So thanks again for such a wonderful couple hours of reading. If my YA book ever gets published–don’t hold your breath–it will be fun to look back to see if any of the emotion of your book rubbed off on the ending of mine. I wish you the best of luck in the future and I admire that you’ve become such a prominent YA writer…and it all started with Mena.
Writing Craft Recap for My Kind Readers:
- Ensure that you have HIGH STAKES in your story and that you establish those stakes quickly. The events of your narrative need to mean something BIG for your characters. That’s the only way that the reader will care about your make-believe world.
- Allow your characters to be as complicated as real people are. Remember those shades of gray. There are no absolutes in the world when it comes to people and why they act the way they do.
Find Ms. Brande on Twitter @RobinBrande. Here is Ms. Brande’s page at Random House Teen. Here is an interview she gave to Seven Impossible Things Before Breakfast, a cool book blog.
And you just know you have to check out this cool video interview:
Are you curious about skepticism and how important it is that people understand how to think critically? (This is a big theme in the book.)
Check out the James Randi Educational Foundation. Those hardworking people have been fighting irreality for a very long time. Just look at how fun and interesting Randi was on The Tonight Show. He’s demonstrating how “psychic surgeons” ply their trade. (And Randi should know; he is a world-class magician…he’s also honest about the fact that he’s doing a trick.)
What’s the Harm? is also a great resource. The next time your friend tells you that he or she is going to pay a bunch of money for “cupping,” you can find out what that is and why having it done doesn’t make any sense.
Dr. Harriet Hall is an MD who writes about alternative medicine and the like.
And no critical thinker should be without the works of Richard Dawkins and Christopher Hitchens. We may not always agree with everything a great thinker says, but we ignore them at our own peril.
2007, Christopher Hitchens, Robin Brande, WriteAWriterDay
Dear Chana Bloch:
I am writing to share my admiration for your work and, specifically, for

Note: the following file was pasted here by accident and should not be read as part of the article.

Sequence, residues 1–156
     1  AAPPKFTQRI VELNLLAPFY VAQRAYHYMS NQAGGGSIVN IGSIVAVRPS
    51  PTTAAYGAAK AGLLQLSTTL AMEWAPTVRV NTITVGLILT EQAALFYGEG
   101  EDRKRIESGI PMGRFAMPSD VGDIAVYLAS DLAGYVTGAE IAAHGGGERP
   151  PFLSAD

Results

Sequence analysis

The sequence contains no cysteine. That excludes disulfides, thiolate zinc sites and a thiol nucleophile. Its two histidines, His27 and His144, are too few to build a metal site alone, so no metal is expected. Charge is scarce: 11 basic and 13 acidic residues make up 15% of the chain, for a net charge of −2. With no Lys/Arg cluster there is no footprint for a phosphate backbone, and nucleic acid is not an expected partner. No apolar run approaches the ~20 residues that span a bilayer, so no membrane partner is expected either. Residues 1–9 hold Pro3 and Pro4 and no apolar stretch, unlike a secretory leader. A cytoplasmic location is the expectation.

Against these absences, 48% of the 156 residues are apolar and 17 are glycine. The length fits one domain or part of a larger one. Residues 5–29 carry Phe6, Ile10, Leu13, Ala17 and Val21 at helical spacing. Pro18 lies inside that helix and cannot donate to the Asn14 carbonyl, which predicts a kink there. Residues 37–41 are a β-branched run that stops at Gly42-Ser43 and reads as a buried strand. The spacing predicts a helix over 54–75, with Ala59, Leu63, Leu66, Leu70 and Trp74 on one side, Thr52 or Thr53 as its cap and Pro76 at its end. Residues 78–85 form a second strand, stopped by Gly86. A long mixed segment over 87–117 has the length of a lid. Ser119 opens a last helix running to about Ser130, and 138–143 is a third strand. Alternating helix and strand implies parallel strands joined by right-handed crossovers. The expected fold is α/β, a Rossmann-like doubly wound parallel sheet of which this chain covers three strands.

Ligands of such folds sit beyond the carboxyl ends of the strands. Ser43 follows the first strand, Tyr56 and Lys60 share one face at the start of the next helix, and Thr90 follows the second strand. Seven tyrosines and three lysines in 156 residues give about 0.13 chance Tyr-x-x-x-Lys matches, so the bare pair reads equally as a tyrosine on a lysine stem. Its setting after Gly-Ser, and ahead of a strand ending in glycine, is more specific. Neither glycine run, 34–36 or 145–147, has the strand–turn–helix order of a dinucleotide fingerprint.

“The Little Ice Age.” It’s very kind of you to let people read the poem on your web site after its appearance in the Spring 2011 issue of Field. (Readers can also access the poem through EBSCO.) I also admire that you’ve posted an MP3 of yourself reading the poem; what a great way to help writers understand the difference between the written and spoken word.
You’ve done an awful lot of good for the poetry community and young writers are certainly advised to emulate the spirit in which you share your work and your thoughts. I happen to be a writing teacher (of far less renown, of course) and you must get a great satisfaction out of knowing how many thousands of writers have improved their craft because of your generosity.
As for your work, I love poems about history and science. I’ve written a few myself, though I don’t think any have been published. “The Little Ice Age” consists of two five-line stanzas. In the first, you paint the picture of what human existence was like during that event. In the second, you describe a beautiful and unintended consequence of that massive chill.
I love the way that you populate that first stanza with those two-word stings in the midst of the two longer sentences. Each of these phrases (but one) have the same construction: noun + verb.
This technique seems effective to me for at least a couple reasons. The “noun + verb” is very direct and very clear. Yes, these were the terrible consequences of the cooling across Europe. Alternate sentence constructions may not be as direct and convincing. Further, the “noun + verb” settles the matter. You’re letting us know that the poem is not part of a debate between climatologists; you’re just telling us what happened. Further still, the simple construction puts emphasis on those sad and powerful verbs. “Shivered,” “froze,” “failed,” “starved” …these are generally not happy verbs.
Goodness, and you use such a wonderful verb in the second stanza to describe the sound of a Stradivarius. Here is where you can hear a Stradivarius “cry” (albeit filtered through digital compression):
I admire the overall construction of the poem, as well. Two stanzas. Cause, then effect. The harshness of the climate resulted in the kinds of trees that Stradivarius needed to create his instruments. “The Little Ice Age” teaches scribblers such as myself how each stanza should contribute to the poem as a whole.
The baseball season is nearly upon us. A pitcher can’t think of each pitch as an isolated throw; he must decide what to throw based upon a vast number of factors. One of a pitchers big weapons is a change in velocity. Justin Verlander, for example, will blow a 100-mph fastball right past a batter, then drop an 81-mph changeup. The hitter doesn’t have a chance.
How does this relate to your poem? I admire the way that your first stanza sets up your second in the same way that a pitcher on my team causes a batter’s knees to “buckle.”
Thanks again for your poem and for all you have done for other writers of poetry and prose. I wish you the best in 2014 and beyond.
Writing Craft Recap for My Kind Readers: